Winstanley’s notion of the “selfish imaginary power” foreshadows, in a strikingly modern way, Cornelius Castoriadus’ concept of the “social imaginary.” For Winstanley, the various manifestations of the “kingly powers” are concrete expressions of a shared imaginary conception of social life as a competitive struggle for status. Similarly, Castoriadis argues that there is an “originary psychical core” that “we carry within us and which always dreams, whatever our age, of being all-powerful and at the center of the world.” [Castoriadis, Philosophy, Politics, Autonomy (New York: Oxford University Press, 1991), page 135.]

Unlike Castoriadis, however, Winstanley conceives of the “selfish imaginary power” as something entirely negative. He contrasts it with the “righteous spirit” of truth that each must find within themselves, the basis of “true community,” which makes “every one to seek the preservation and peace of others as of themselves,” no longer seeking fulfilment through the “outward objects” of prestige, status, power and property with which Satan tempts us. [Hill, page 222] Winstanley retains the radical Christian notion of the “kingdom of heaven within,” the spirit of Christ that “will have all saved.” [Hill, page 222] He straddles a more traditional religious conception of reality and a more modern conception of social transformation, through a process of self and social (re)creation, that nevertheless remains steeped in Christian imagery.

For Castoriadis, the social imaginary is not just constitutive of existing heteronomous social forms. The social imaginary has a radical aspect to it that provides a basis for creating collective autonomy. The “radical imaginary” allows for “the emergence of something new” that transcends the “underlying imaginary significations” of existing institutions. [Castoriadis, Vol. 1, pp. 30 – 31] The object of politics is not to achieve any particular end state, but “the instauration of a state of affairs in which man as a social being is able and willing to regard the institutions that rule his life as his own collective creations” that are in state of “perpetual” transformation and “renewal.” [Castoriadis, Vol. 1, page 31] This is a variation of the concept of “permanent revolution” first articulated by 19th century anarchists, whereas Winstanley’s view of social change retains an element of Christian eschatology, as he foresees the attainment of a “new Jerusalem” where all will “live in peace and rest.” [Hill, pp. 222 – 223]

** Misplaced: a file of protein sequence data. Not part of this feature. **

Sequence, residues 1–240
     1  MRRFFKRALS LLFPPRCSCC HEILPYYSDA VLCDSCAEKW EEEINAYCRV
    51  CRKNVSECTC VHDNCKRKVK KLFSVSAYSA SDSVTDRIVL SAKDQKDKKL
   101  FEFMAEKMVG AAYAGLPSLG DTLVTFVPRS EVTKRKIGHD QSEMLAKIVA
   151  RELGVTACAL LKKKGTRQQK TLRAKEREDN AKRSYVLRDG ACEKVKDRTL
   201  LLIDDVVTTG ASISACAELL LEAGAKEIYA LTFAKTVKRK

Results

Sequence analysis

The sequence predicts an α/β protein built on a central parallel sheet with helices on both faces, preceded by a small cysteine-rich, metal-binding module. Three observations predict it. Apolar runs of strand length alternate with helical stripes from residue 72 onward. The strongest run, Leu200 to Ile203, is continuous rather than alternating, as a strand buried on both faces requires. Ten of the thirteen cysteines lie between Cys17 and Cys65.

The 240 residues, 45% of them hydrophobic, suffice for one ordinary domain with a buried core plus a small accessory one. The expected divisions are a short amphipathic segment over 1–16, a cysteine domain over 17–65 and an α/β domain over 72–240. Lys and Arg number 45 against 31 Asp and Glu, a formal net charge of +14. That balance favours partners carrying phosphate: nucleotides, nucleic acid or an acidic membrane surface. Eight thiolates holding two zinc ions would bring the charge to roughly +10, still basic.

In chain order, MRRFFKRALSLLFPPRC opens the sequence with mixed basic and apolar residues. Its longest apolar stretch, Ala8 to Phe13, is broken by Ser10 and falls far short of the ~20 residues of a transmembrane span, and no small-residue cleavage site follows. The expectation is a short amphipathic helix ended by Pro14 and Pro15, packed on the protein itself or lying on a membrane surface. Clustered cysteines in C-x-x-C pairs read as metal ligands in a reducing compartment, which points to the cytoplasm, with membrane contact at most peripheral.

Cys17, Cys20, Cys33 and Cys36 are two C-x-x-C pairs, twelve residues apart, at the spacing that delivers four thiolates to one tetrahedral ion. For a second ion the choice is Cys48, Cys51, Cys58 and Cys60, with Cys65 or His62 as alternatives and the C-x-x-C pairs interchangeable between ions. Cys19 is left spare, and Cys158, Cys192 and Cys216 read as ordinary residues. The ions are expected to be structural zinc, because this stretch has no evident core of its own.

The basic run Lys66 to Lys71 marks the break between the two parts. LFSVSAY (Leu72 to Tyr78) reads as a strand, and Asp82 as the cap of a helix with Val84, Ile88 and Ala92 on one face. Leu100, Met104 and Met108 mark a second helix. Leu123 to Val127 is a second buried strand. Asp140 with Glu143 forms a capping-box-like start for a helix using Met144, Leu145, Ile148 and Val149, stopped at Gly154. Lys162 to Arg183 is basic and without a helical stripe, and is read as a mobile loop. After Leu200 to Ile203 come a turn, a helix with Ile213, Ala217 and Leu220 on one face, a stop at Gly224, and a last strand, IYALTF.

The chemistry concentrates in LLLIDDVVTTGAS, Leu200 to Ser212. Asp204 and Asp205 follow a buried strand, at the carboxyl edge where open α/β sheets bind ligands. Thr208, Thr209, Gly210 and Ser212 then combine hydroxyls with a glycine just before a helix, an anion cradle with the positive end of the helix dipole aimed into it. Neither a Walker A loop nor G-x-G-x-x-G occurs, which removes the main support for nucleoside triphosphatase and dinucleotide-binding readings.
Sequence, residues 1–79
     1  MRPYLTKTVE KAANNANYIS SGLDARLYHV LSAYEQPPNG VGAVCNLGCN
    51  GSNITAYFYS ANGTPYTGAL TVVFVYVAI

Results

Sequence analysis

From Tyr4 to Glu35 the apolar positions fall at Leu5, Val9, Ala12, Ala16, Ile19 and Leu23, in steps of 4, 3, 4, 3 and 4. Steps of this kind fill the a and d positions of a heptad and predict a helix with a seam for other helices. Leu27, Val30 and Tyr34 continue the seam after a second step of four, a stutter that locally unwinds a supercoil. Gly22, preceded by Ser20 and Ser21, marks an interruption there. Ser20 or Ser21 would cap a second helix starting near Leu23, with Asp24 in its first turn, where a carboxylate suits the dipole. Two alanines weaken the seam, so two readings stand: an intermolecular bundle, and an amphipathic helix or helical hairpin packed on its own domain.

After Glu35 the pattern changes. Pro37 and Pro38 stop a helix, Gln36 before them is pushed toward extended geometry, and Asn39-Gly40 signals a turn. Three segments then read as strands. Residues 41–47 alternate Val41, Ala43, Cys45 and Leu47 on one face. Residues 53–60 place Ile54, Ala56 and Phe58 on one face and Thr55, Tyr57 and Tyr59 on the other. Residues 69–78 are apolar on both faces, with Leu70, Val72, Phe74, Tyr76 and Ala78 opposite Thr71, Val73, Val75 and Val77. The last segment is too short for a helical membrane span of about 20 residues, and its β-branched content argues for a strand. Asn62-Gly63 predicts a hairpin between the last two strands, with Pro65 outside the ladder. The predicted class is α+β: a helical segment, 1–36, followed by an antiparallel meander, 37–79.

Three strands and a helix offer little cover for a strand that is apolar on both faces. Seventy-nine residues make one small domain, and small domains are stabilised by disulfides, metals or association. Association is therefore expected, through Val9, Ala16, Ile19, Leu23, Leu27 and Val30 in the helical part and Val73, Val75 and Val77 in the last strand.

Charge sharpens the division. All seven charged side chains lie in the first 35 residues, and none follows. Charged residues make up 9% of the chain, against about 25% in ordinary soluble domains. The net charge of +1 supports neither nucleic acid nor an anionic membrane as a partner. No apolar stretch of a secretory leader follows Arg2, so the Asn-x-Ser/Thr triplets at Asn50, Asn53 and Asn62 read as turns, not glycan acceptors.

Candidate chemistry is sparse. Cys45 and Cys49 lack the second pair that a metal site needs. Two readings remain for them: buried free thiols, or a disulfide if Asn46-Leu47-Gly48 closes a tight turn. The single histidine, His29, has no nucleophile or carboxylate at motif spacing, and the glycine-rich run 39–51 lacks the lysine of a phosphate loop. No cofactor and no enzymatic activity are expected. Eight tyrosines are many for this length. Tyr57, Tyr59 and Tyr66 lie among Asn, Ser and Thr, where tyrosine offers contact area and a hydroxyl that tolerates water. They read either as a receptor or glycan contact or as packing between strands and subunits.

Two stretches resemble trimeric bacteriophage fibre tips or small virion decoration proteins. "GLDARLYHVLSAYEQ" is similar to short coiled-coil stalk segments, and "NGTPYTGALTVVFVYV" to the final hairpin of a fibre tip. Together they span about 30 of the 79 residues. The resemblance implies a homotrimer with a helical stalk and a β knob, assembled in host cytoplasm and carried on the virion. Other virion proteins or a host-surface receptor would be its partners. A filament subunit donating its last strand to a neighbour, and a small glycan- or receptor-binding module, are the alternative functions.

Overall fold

But Winstanley and Castoriadis share the view that social and personal transformation must go hand in hand. For Winstanley, a libertarian communist society requires not only the abolition of the kingly powers, but a new way of relating to the world and to each other. People must attain a state of inner contentment and enlightenment in order to deliver themselves “from that bondage within,” so that they no longer seek fulfillment through greater riches and status. [Hill, page 271] Castoriadis argues in a like vein that “the conditions that make it possible for” a self-instituting society “to function have to be incorporated in a certain fashion into our social organization as well as into the organization of individuals’ psyches.” [Vol. 1, page 34]

Both Winstanley and Castoriadis extoll the virtues of an inner freedom. For Castoriadis, this is the ability to put a society’s “own imaginary into question.” Not only is “the mere absence of censure or repression” not enough to achieve this, it is sometimes easier to do “under tyrannical regimes” than “under apparently liberal regimes,” because the repressive imaginaries of tyrannical regimes are more readily apparent. [Vol. 1, pp. 34 – 35] Winstanley expresses similar views, writing that even “if I were in prison without,” I can still achieve “freedom within.” [Hill, page 229] The main difference between Castoriadis and Winstanley on this point is that, for Castoriadis, the process of putting social imaginaries into question is a never-ending one, whereas Winstanley looks forward to a time when people are able to achieve both inner and outer peace and freedom.

However, unlike many other radical Christians and “antinomians,” Winstanley does not substitute for the kingly powers a power within that will ensure obedience to God’s will under threat of supernatural sanctions. Winstanley’s vision of an anarchist arcadia does not require that everyone carry a gendarme in their breast. While Winstanley would have agreed with Max Stirner that people’s actions are governed, to a certain extent, by “spooks” in their heads, for Winstanley the biggest spook is the selfish imaginary power, the very egoism that Stirner put at the centre of his philosophy.